Marianne Celano, Marietta Collins, and Ann Hazzard

“Divisive” Books Help Children Experiencing Trauma: An interview with the authors of Something Happened in Our Town: A Child’s Story about Racial Injustice

The authors of challenged book Something Happened in Our Town: A Child’s Story about Racial Injustice discuss censorship, how racism affects children’s health, and how anti-racist literature benefits society.

Pen and publishing contract

From Zora Neale Hurston’s “What White Publishers Won’t Print” (1950) TO #PublishingPaid Me (2020)

Hurston wrote “What White Publishers Won’t Print” in 1950. Seventy years later, #PublishingPaidMe exposed what we now know as the disparity of publishers’ pay advances to Black writers compared to White writers. There is a historical notion that Black books won’t appeal to a broad audience that has long been discredited through the success of many Black books. Hurston’s use of African-American Vernacular (AAV), her portrayal of black women, and Black cultural traditions were used to center Black lives in her stories. Because the Top 10 Most Challenged Books of 2020 are primarily of diverse people and topics, it is imperative to continue supporting and making opportunities equitable for Black writers.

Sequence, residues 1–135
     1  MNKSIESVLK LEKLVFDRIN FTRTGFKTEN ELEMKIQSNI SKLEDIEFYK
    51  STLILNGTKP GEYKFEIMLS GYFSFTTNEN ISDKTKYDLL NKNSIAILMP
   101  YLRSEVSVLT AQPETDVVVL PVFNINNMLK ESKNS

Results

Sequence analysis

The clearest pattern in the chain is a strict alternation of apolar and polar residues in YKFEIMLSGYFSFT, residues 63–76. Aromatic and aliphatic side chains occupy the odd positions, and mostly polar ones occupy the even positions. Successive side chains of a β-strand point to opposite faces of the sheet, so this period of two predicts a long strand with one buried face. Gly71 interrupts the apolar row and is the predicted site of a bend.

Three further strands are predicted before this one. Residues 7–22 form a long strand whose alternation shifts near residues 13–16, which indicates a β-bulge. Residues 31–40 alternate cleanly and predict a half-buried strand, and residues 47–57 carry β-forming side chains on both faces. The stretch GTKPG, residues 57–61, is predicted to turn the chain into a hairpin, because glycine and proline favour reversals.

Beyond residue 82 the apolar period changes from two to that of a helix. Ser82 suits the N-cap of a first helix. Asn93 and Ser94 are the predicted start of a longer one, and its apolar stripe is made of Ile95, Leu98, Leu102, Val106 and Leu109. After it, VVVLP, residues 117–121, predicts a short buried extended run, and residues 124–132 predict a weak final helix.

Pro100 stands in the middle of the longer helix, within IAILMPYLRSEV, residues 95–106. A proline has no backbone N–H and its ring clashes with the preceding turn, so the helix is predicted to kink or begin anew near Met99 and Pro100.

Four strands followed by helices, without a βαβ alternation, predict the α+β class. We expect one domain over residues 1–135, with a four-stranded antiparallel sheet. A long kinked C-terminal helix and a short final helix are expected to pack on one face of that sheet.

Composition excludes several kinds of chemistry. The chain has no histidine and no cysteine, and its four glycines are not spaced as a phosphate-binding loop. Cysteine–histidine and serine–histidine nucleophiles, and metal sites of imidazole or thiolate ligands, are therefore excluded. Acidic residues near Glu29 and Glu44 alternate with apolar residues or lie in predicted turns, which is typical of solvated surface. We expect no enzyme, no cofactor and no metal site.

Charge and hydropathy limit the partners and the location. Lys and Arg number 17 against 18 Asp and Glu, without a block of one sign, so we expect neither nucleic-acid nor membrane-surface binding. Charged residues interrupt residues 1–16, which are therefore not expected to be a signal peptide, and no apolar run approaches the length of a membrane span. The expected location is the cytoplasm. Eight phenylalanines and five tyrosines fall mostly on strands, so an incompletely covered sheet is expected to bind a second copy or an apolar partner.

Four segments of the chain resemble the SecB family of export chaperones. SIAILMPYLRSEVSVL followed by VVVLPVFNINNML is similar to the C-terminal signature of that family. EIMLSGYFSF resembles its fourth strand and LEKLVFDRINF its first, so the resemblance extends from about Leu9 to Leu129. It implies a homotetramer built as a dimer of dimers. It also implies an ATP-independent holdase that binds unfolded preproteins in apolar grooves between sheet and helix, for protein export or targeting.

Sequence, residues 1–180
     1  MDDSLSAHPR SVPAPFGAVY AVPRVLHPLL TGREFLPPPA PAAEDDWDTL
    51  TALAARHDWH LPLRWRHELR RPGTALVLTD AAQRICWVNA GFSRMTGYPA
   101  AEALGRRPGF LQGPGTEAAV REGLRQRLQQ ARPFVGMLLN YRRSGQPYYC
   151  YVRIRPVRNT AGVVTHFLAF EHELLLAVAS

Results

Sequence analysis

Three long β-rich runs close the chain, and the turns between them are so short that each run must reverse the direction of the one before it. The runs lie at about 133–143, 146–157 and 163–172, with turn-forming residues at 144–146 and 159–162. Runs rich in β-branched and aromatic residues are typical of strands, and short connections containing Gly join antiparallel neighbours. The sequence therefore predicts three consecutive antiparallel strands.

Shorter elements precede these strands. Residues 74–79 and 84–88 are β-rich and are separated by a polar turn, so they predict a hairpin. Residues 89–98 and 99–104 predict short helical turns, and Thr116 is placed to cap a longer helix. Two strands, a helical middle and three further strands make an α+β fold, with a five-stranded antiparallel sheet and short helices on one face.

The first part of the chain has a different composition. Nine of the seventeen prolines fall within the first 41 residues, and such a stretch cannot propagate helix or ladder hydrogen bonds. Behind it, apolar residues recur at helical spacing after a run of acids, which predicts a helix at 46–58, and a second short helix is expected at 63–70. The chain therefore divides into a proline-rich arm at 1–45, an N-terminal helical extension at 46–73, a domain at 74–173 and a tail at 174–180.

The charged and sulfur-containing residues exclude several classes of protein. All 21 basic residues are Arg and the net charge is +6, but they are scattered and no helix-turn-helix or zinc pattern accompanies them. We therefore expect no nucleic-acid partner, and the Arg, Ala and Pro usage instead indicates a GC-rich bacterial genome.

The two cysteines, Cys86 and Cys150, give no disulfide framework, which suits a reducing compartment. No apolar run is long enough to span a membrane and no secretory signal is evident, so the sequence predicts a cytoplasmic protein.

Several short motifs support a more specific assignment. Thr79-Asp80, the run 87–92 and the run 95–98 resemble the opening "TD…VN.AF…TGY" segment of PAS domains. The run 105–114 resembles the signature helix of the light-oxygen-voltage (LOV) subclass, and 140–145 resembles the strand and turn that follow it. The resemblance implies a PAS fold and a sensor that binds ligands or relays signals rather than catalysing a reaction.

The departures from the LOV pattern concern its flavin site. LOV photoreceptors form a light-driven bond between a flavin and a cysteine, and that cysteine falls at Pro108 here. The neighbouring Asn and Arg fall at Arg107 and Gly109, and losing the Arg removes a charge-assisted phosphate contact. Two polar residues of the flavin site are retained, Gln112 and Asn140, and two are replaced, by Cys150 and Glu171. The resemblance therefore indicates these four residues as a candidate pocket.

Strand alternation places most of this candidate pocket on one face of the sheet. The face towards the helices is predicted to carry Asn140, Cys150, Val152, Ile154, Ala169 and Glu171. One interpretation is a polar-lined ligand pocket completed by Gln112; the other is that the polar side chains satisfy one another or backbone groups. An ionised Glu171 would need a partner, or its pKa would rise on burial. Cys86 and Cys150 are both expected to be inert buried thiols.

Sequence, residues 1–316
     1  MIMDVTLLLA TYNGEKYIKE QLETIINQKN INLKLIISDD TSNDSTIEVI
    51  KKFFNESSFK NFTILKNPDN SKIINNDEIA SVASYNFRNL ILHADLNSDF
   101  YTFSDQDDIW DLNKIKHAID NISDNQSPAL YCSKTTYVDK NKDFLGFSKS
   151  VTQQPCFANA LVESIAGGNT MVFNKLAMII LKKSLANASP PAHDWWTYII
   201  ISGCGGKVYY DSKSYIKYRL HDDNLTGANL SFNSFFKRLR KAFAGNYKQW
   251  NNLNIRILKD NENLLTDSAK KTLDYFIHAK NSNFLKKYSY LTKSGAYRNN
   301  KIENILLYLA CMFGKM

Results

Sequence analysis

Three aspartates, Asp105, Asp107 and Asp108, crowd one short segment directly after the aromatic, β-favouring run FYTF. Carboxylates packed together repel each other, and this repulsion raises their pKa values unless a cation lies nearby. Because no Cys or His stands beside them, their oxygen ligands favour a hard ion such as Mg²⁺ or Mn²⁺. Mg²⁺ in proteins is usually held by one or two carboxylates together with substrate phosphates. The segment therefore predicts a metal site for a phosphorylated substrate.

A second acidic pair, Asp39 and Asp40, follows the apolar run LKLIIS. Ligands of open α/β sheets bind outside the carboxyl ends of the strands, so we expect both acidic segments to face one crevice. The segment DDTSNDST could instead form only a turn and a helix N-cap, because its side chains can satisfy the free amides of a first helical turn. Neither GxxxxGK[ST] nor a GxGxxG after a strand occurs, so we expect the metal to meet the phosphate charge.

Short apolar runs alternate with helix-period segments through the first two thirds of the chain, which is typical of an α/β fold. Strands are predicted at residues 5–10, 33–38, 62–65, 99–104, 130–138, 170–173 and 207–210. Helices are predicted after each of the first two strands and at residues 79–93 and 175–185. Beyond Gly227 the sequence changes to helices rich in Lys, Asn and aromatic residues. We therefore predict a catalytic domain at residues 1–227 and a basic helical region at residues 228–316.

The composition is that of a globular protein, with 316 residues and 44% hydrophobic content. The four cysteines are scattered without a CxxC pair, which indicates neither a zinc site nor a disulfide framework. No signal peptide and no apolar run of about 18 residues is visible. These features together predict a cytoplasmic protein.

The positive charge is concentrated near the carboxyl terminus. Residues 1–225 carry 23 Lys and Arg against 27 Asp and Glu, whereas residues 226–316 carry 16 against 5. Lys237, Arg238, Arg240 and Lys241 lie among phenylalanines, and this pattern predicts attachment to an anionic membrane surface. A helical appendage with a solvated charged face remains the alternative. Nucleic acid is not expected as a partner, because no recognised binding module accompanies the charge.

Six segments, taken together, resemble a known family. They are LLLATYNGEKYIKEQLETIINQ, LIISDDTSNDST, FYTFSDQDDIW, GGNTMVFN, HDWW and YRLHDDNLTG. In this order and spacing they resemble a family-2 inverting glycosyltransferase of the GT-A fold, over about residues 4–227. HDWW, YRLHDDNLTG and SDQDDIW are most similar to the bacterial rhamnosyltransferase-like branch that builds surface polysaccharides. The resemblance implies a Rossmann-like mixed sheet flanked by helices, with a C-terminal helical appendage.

Children of Blood & Bone by Tomi Adeyemi

Exploring Social Justice through Sci-Fi & Fantasy

I personally really enjoy (if “enjoy” can be considered the right word) the exploration of tough social justice issues through the lens of fantasy or science-fiction – often through the vehicle of anti-magic prejudice. I feel the fantasy context allows the reader to take a step back from the real world, while allowing the reader to think critically about equality and justice in a less personally challenging way.

Malala Yousafzai

“How Dare They Take Away My Right To Education?” Happy birthday, Malala Yousafzai!

On July 12, the world celebrates the birthday of Nobel Peace Prize-winning activist, author, and speaker, Malala Yousafzai. While perhaps most widely known for being shot in the head by a member of the Taliban on the way home from school and surviving, Malala was an outspoken advocate of girls’ rights and education before that. Make plans for the children and young adults in your libraries and classrooms to discover her work and message.